I’ve always wondered how so much priceless European art from the Renaissance onwards made its way to major American museums. In the engrossing Duveen by SN Behrman, we learn how. The greatest art dealer of all time, Joseph Duveen, courted and cajoled American robber barons into spending millions of dollars on old master paintings, most of which eventually ended up being donated to museums. The story of Duveen is absolutely fascinating, even if you’re not passionate about art.
The talent for collecting and a sense of aesthetics came through Duveen’s Dutch grandmother, a blacksmith’s wife, who started to collect delft pottery in a small way. Having heard that delft was popular amongst the English, she sent one of her sons, Joseph Joel, off to sell her stock. Hence, started the Duveen dynasty of art and antique dealers which spanned the Atlantic and whose customers included the Prince of Wales, King Edward VII, countless British aristocrats and American industrial giants.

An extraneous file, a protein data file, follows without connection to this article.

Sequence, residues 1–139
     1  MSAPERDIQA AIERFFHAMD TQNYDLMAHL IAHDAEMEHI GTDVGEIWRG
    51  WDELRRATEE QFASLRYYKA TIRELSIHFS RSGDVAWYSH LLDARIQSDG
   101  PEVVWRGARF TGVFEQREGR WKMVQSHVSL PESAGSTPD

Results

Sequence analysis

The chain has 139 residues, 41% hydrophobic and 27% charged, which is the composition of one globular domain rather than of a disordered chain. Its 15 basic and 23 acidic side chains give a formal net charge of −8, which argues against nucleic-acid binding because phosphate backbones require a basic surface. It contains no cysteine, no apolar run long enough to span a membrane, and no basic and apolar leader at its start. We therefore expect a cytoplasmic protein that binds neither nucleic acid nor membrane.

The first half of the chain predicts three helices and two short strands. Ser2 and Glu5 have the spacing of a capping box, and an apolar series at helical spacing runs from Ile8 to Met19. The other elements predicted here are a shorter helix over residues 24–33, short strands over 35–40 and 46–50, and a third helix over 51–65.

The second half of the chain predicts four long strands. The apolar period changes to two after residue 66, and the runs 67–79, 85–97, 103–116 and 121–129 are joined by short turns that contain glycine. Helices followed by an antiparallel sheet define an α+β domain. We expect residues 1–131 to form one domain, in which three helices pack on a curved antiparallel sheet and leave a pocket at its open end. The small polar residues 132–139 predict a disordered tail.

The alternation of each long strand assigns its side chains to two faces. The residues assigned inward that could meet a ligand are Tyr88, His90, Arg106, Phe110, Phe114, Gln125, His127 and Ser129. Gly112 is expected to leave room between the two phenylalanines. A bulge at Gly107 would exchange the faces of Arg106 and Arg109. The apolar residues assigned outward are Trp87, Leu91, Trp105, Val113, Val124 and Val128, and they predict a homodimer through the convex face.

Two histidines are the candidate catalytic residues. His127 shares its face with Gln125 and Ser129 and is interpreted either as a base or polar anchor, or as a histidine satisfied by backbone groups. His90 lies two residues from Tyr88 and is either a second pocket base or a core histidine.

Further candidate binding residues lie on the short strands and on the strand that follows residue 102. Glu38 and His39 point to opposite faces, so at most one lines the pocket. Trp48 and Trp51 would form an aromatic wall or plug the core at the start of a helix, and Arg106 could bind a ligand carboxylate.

It was the grandson, Joseph Duveen, later Lord Duveen, who took art dealing to a whole new level, never seen before or after. His shrewdness as a seller was legendary and often involved buying art at inflated prices only to turn around to a Rockefeller, J.P. Morgan, Frick or Mellon and selling the object at an ever higher price. The fact that Duveen had bought it was in itself a validation of the price. Duveen understood the fiercely competitive personalities of these men and knew they would do anything to outdo each other. Duveen was brash, entertaining and charming and provided the European sophistication which these self-made men so badly craved.
Duveen’s protégés were rich enough to go anywhere and do anything but didn’t know where to go or what to do or even how to do nothing gracefully.
Duveen died in 1939, just as he had help facilitate a donation of art to the National Gallery in Washington, one of the largest in American history. As with many things in his life, the timing was impeccable. This book was originally published in 1951 but is as fascinating today. If anything, Behrman’s proximity in time makes it feel more alive. There was one thing I missed in this book, though, and that was illustrations of the priceless paintings that made their way through Duveen’s hands. That too, I guess, was a question of money.
If you like Duveen, you might also like The Unfinished Palazzo – Life, Love and Art in Venice.
Duveen by SN Behrman is published by Daunt Books, 236 pages.